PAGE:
Computed tomography (CT) scan revealed a fluid collection in the psoas, associated with inflammatory changes in the local fat and a small amount of free liquid in the right parietocolic area
Figure 2
On the third day, an enterocutaneous fistula was observed and a long tapeworm emerged from the McBurney’s incision
Figure 3
The cestode was removed attentively in a single piece

Discussion

The adult stage of Taenia saginata are the intestinal tapeworms for which humans are the only definitive hosts [4]. the adult’s stage are harbored in human intestines, which act as the definitive host, and the larval or cysticercus stages develop in the tissue of cattle. Human behavior is essential for their survival, since contamination of fields with human faeces leads to the infection of the cattle, and the habit of ingesting raw or undercooked meat closes the cycle with the infection of humans. [5]. Once the cysticercus is ingested, the adult worm develops in approximately 2 months. Most infected person is asymptomatic; the usual symptoms are vague or mild abdominal pain or discomfort. Less common symptoms are nausea, change in appetite, weakness and weight loss [2]. The length of adult worm is usually less than 5 m for T. saginata; however, it may reach up to 25 m [6]. The tapeworm attaches to the mucosal surface using four suckers on its anterior scolex. Migration of the proglottids to the gastrointestinal system lumen can lead to rare serious acute surgical conditions, such as acute appendicitis, Meckel’s diverticulitis, pancreatitis, cholecystitis, liver abscess, obstruction and perforation of the intestine, anastomotic leakage or appendicular stump dehiscence [4]. In previously published cases as well as the case we present, although it is difficult to establish the direct mechanism causing the complication, the etiological connection is highly probable. This entity can be diagnosed by detecting eggs or proglottids in the stool as early as approximately 3 months after infection [2]. The perianal region can be examined using a cellophane-tape swab to detect ova as well. Serologic tests are not helpful [3]. Infection by Teania saginata is preventable by improving sanitation and strict inspection of beef prior to sale. Beef should be cooked to 60°C for over 5 min before consumption [3]. praziquantel (5-10 mg/kg) is the drug of choice. Niclosamide is also used as it is cheap and available. Both drugs are very effective, simple to administer and comparatively free from side effects [7]. Surgery is indicated only for the treatment of complications [2].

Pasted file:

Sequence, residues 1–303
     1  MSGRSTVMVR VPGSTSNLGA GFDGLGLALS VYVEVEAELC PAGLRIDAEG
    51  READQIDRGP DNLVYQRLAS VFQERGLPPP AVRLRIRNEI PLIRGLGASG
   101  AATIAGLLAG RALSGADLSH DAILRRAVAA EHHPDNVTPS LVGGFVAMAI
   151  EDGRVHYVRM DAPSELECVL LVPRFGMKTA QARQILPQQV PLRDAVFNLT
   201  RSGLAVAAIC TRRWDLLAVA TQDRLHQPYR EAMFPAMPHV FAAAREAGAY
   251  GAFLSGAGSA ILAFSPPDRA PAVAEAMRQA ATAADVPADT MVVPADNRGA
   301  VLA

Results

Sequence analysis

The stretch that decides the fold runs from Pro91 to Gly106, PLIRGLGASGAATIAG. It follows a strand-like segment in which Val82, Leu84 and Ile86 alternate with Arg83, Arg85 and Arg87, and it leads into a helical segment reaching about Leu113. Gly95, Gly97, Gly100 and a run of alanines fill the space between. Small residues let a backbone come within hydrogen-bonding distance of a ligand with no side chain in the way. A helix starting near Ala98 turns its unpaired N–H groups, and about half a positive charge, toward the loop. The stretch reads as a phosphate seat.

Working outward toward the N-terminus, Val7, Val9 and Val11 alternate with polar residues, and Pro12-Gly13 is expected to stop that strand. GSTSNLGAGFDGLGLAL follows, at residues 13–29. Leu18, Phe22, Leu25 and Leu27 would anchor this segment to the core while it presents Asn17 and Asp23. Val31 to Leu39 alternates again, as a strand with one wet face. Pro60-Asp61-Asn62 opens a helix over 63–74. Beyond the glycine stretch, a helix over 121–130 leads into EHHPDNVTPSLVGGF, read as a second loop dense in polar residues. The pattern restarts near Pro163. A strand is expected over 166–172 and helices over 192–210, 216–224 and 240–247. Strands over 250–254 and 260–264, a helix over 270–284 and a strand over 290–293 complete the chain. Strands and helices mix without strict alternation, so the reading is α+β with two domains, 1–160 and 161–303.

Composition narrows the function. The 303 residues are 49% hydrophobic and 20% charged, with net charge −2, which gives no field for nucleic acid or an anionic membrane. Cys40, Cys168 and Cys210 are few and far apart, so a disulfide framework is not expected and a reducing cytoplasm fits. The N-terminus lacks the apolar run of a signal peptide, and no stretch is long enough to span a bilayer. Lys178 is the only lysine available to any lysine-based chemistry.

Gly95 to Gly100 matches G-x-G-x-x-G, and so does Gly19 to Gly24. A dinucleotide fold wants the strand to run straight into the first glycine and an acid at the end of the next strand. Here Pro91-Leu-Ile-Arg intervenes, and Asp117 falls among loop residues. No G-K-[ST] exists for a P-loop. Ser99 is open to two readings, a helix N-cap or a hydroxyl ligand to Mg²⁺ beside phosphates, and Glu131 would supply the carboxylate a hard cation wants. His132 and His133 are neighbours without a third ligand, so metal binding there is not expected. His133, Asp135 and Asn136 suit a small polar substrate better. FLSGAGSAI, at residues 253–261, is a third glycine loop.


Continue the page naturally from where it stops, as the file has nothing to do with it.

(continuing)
Conclusion

Post-appendectomy faecal fistula occur mostly when there is severe peri-appendicitis involving the base of the appendix as well as the adjoining caecal wall. An infestation with tapeworm is a very rare entity that should be considered in the diagnosis as the cause of Leakage from the appendiceal stump in endemic areas. It should be kept in mind as a very rare possible cause.

Competing interests

The authors declare no competing interests.

Authors’ contributions

All authors have read and agreed to the final version of this manuscript and have equally contributed to its content and to the management of the case.

References

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Articles from The Pan African Medical Journal are provided here courtesy of African Field Epidemiology Network